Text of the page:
For all the talk of power play defencemen heading into the draft, it took until the fourth round for the Canucks to finally select their first blueliner, taking three forwards and a goaltender in the meantime. But when they finally selected a defenceman, they made one of their most intriguing picks of the draft.
Jack Rathbone is a smooth-skating, puck-moving, powerplay-quarterbacking defenceman, exactly the type of player that Jim Benning said he was interested in drafting. He has significant potential, but, as you might expect from a fourth round draft pick, there’s a caveat: he did all that skating, moving, and quarterbacking in high school in the US, making it difficult to judge where he stands in comparison to his peers.
Rathbone intends to return to Dexter School for his senior year, instead of heading to the USHL to face a higher level of competition. That might be a reason for concern for the Canucks, but there’s no reason to doubt Rathbone’s commitment to hockey, as his biggest reason for heading back to high school is laudatory: he wants to stay close to his 8-year-old brother Teddy, who is autistic.
“He’s a big piece of my life, and I’m going to be honest, it would be tough to leave him for seven months out of the year at this stage,” Rathbone said in an interview with the Boston Herald. “He’s probably my best friend.”
So Rathbone will return to Dexter for one more year and continue to help his parents in the day-to-day care of Teddy, then head to Harvard to play in the NCAA the following year. It’s no surprise that Rathbone is seen as a high character guy and there’s a reason he’s the captain at Dexter.
On the ice, Rathbone has a tantalizing set of skills. A scouting report from SB Nation’s College Hockey is effusive with praise, saying, “He’s a one-man breakout with terrific vision and excellent passing skills…He has an absolute cannon of a one-timer...Overall, he’s an excellent puck-moving defenceman who can impact a power play in a major way.”
It’s always hard to judge a player’s points in high school hockey. For instance, there’s a 17-year-old defenceman at Naperville Central High who scored 71 goals and 104 points in 27 games this past season. That dwarfs Rathbone’s paltry 35 points in 27 games, but it’s all about context and competition.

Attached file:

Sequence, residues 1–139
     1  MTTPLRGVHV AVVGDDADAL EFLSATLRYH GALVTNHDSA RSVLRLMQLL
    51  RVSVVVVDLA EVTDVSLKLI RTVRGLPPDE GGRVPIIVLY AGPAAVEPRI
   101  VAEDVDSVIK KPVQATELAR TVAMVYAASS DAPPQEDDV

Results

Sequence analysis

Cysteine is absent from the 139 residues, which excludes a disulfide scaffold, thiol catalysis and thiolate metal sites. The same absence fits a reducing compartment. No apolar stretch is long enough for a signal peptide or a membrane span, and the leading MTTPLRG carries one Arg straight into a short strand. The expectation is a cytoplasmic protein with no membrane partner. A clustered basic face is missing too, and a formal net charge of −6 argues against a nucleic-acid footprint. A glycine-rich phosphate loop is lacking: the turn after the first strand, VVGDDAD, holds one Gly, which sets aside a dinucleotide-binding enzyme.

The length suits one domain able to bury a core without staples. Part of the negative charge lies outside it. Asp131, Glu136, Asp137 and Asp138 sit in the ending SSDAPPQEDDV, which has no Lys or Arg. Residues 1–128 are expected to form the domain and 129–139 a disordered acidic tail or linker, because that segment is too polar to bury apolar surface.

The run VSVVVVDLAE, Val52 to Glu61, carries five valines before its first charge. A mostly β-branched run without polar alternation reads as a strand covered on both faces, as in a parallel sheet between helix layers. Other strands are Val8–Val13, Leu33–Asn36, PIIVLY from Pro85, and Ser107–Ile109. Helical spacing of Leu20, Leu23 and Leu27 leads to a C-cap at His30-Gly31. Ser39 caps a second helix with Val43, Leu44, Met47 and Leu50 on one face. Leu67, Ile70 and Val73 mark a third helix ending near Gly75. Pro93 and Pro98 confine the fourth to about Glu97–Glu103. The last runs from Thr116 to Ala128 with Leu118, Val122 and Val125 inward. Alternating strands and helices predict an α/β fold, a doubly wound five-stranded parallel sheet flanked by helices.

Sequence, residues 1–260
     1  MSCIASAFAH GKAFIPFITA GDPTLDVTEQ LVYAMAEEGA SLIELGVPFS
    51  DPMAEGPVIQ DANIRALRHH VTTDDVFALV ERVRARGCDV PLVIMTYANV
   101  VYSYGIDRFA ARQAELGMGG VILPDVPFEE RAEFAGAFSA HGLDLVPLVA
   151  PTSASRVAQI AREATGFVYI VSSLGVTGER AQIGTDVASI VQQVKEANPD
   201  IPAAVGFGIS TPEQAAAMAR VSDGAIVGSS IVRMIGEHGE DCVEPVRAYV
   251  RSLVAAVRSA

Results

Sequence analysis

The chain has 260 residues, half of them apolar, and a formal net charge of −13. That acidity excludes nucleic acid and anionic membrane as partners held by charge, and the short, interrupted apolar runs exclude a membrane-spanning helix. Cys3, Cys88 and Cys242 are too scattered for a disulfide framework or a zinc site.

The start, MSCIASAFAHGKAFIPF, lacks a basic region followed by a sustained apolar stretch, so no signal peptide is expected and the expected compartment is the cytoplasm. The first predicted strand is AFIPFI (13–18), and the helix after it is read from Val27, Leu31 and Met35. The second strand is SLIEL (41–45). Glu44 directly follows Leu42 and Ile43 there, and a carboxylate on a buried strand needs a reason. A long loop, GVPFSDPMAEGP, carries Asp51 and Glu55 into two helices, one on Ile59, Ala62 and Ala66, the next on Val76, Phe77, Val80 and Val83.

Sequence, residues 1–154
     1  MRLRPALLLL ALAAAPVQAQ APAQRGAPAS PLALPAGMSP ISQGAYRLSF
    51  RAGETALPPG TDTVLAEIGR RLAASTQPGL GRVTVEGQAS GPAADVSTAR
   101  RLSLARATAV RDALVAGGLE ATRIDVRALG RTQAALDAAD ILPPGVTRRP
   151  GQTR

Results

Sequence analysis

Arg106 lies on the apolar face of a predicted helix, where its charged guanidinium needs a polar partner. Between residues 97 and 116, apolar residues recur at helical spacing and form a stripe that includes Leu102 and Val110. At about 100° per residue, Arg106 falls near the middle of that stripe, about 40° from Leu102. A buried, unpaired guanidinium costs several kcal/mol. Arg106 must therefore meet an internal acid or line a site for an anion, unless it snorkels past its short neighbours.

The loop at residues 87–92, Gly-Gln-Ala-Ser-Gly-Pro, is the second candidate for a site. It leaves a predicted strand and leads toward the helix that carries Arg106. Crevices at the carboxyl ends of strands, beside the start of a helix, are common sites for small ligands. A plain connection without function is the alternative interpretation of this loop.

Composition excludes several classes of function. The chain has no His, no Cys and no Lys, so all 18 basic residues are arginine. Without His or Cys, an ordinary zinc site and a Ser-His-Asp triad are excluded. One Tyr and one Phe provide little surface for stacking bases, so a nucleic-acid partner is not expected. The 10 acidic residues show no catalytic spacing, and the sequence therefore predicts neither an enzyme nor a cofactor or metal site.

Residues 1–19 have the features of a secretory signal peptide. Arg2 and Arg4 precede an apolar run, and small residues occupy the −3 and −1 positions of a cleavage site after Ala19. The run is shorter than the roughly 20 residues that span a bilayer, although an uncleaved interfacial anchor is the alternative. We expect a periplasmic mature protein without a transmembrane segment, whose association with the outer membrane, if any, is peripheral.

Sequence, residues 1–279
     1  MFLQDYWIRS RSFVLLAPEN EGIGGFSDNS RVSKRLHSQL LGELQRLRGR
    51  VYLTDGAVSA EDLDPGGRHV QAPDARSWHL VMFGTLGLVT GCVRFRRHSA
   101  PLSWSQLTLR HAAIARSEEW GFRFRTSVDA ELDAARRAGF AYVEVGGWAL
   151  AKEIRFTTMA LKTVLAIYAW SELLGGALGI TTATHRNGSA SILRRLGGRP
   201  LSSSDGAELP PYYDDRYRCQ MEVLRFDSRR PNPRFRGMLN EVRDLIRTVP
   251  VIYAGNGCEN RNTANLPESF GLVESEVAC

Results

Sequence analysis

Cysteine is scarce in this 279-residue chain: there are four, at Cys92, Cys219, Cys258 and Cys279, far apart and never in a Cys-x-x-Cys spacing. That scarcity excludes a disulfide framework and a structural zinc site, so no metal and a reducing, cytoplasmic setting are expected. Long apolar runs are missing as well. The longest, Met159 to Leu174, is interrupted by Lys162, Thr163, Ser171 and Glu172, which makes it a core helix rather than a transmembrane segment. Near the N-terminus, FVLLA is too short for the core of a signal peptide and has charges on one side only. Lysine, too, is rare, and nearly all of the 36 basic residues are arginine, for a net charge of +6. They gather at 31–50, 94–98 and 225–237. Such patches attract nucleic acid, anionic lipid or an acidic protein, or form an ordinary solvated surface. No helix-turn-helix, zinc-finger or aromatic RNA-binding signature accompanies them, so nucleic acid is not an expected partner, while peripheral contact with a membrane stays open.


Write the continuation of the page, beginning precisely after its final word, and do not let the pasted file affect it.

Rathbone was playing in New England Prep Hockey, which is at a significantly higher level than most other high school leagues across the US. Rathbone was second in points-per-game among defencemen in New England, behind only Reilly Walsh, who went 81st overall to the New Jersey Devils. That said, it’s a pretty significant gap between Walsh, who scored 30 goals and 69 points in 30 games, and Rathbone, who had 16 goals and 35 points in 27 games.
One concern for Rathbone is his size, as he’s just 5’10” and 165 lbs. He uses his mobility to evade forecheckers and uses his excellent balance on his skates to surprise opponents in puck battles, but his ability to battle along the boards and in front of the net against larger forwards will be tested in the NCAA on his way to professional hockey.
Rathbone’s skating is his best attribute, but he also boasts excellent decision-making, which helps him know when to jump up in the play.
It may have taken a while for the Canucks to draft an offensive defenceman this year, but when they did, they swung for the fences, taking a high-risk, high-reward player, who just might have the potential to be a steal. Combine that with his character and leadership and you have a solid mid-round pick.
Also, he has one of my favourite names of the draft.